Refueling an aircraft while it is flying can be a tricky-enough proposition but refueling an unmanned jet from another unmanned jet sounds like a scene for a James Bond movie.
But such a tricky procedure is apparently within reach as the Defense Advanced Research Projects Agency, this week said it successfully tested the technology needed to fly two drones close enough together in mid-air, at speed that one, acting as a tanker aircraft, could successfully refuel the other.
From DARPA: " During its final test flight, two modified Global Hawk aircraft flew in close formation, 100 feet or less between refueling probe and receiver drogue, for the majority of a 2.5-hour engagement at 44,800 feet. This demonstrated for the first time that High Altitude Long Endurance (HALE) class aircraft can safely and autonomously operate under in-flight refueling conditions. The flight was the ninth test and the first time the aircraft flew close enough to measure the full aerodynamic and control interactions. Flight data was analyzed over the past few months and fed back into simulations to verify system safety and performance through contact and fuel transfer-including the effects of turns and gusts up to 20 knots."
DARPA said that because HALE aircraft are designed for endurance rather than control authority, it expected only one of six attempts would actually achieve positive contact (17%). However, "the final analysis indicated that 60% of the attempts would achieve contact. Multiple autonomous breakaway contingencies were successfully triggered well in advance of potentially hazardous conditions."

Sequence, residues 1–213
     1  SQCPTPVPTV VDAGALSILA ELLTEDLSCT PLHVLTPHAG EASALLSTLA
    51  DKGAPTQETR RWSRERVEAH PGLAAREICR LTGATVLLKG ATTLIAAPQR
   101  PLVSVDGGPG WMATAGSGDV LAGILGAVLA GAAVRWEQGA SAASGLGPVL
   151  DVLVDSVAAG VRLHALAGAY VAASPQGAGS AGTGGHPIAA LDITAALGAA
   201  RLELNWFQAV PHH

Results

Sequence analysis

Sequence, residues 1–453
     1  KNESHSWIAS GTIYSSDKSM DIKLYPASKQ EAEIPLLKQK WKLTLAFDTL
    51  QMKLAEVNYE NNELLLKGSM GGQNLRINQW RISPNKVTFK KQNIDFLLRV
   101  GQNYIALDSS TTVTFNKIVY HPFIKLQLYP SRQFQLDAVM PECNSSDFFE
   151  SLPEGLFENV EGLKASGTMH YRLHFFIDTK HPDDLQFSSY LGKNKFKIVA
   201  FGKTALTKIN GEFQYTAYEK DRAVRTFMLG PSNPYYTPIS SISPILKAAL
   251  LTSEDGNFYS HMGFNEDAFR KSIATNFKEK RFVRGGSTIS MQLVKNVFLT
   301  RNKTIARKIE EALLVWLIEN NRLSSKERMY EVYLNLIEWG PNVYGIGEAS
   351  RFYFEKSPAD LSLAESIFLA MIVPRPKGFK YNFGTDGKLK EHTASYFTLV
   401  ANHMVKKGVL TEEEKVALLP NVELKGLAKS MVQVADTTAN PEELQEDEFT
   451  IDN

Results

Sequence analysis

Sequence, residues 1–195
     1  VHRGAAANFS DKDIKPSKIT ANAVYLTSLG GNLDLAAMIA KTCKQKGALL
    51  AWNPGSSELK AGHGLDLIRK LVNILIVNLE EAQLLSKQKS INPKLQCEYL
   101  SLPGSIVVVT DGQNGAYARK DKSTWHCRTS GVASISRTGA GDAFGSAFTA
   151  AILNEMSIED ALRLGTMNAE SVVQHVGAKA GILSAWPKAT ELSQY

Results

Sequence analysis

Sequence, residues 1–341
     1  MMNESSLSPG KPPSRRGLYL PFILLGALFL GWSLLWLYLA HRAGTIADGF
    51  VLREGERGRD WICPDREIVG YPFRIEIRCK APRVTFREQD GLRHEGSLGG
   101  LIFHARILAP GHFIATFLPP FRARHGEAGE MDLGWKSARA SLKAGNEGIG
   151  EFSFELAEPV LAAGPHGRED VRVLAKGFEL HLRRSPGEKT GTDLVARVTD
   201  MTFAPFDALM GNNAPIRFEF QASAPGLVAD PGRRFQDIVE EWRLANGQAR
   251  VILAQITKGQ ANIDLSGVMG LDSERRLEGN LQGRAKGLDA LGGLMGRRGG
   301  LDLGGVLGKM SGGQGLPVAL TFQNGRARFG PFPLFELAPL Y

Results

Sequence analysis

The demonstration could open a world of longer duration drone flights as today's UAVs aren't designed to be refueled in flight. In 2007, DARPA teamed up with NASA to show that high-performance aircraft can easily perform automated refueling from conventional tankers, yet many unmanned aircraft can't match the speed, altitude and performance of the current tanker fleet. The 2007 demonstration also required a pilot on board to set conditions and monitor safety during autonomous refueling operations.
BACKGROUND: What the drone invasion looks like
Under a $33 million deal in 2010 with DARPA, Northrop agreed to demonstrate refueling with a pair of Global Hawks. Although air-to-air refueling was not originally part of the design for drones like the Global Hawk, Northrop then stated such technology offers a number of benefits.
A Global Hawk with a particularly heavy payload, for example, would be able to take off with less fuel, and be subsequently refueled in the air. In addition, a Global Hawk with a unique sensor package would be able to stay on station longer if equipped to receive fuel from another platform.
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